Here's a website with a pretty good set of calculators you can use to get a rough estimate of your daily calorie burn with non-exercise activity:
At 350 lbs, you might be outside the range of which the underlying calorie estimation equations are intended to be relevant (nothing personal intended in the above - it's just the limits of the math).
As a regular hiker and backpacker, I can assure you elevation change does matter - each vertical foot is the equivalent in effort to 8 horizontal feet. Walking across a slope also increase calorie burn, as your muscles are working hard to keep you balanced and stabilized. Slippery and unstable surfaces also increase the degree of effort. So I have no doubt that you were working hard.
10-12 calories per minute seems pretty reasonable in these circumstances. 1770 does seem an overestimate and beyond what is feasible (perhaps in the hiking setting Endomondo assumes you were carrying a pack as well?), and should be discarded. 1200ish does not seem an unreasonable estimate for what you are describing.
Yeah, that number is way too high. I maybe burn around 1500-1600 while running a half marathon and that takes me around 2.5 hours.
I just tested out hiking on the SP tracker and I think their calculations are fairly accurate. I did change my weight to match your and entered 60 minutes. It gave me around 850 calories. Granted, I am not sure if you are male or female, which affects the calculation as well. (I am female.) So, I'd say the Endomondo number is a tad off.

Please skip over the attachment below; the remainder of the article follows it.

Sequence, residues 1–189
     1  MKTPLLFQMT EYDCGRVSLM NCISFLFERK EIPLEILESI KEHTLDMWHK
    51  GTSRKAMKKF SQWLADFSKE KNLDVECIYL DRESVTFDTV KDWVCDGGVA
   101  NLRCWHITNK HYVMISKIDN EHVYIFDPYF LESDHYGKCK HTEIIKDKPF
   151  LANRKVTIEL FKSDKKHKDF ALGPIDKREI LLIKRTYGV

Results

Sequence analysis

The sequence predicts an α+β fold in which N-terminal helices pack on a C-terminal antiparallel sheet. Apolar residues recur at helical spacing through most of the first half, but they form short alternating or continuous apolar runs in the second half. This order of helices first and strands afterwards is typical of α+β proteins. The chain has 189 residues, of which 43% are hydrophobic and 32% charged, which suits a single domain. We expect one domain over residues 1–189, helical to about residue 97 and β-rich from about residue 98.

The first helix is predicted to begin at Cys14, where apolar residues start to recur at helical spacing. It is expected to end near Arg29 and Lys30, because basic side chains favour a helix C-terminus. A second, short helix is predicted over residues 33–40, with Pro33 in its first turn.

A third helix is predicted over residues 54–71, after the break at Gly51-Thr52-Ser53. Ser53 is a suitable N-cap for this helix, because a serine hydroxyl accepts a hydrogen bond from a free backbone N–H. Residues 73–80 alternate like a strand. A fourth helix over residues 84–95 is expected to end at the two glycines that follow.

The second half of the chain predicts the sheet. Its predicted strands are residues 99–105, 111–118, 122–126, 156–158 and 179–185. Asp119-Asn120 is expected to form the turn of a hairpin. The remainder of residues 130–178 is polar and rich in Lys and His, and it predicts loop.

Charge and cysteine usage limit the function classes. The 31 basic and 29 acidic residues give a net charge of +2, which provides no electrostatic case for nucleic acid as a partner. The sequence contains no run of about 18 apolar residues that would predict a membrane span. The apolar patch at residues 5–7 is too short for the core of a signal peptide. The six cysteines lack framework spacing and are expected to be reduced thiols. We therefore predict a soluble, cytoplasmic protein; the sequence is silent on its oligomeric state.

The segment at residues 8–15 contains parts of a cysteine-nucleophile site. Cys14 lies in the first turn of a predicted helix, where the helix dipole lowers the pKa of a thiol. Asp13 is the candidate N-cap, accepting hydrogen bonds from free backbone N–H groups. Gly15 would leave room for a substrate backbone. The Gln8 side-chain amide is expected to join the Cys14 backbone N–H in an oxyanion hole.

Today I zig-zaged up and down a hill (18-26° slopes, 50-80' high) as part of a weekly impoundment/dam inspection. Recent precipitation has made the area wet on the surface, so the terrain is sloppy (typical 1-2" deep loose mud, areas of 18" in the ditches). Bulldozers have been working the areas so there are tracks & rts, run-off erosion to climb around and over, etc.
While walking/hiking I used Endomondo on my phone to track the route and time. It logged 3.55 miles in an hour and a half; then it followed with 1770 calories burned (hiking setting)... Not trusting that to be right I plugged in the same information into Sparkpeople (cross country hiking) resulting in 1270 calories burned.
I know that I'm going to burn more calories lugging 350 lbs up and down, but this seems outrageously high. I would say that I had moderate (descending and walking flat) to high (climbing) exertion, but using the general guideline of ~10 calories per minute for high exertion I get 900 calories.
I don't plan on eating back all of the calories that I burn; half at the most.
Should I not be using the hiking settings on this activity? Am I really burning 1000+ calories when I perform the inspection, or are all the numbers skewed for some other reason? Any help and/or thoughts would be appreciated.
SparkPeople, SparkCoach, SparkPages, SparkPoints, SparkDiet, SparkAmerica, SparkRecipes, DailySpark, and other marks are trademarks of SparkPeople, Inc. All Rights Reserved. No portion of this website can be used without the permission of SparkPeople or its authorized affiliates.
SPARKPEOPLE is a registered trademark of SparkPeople, Inc. in the United States, European Union, Canada, and Australia. All rights reserved.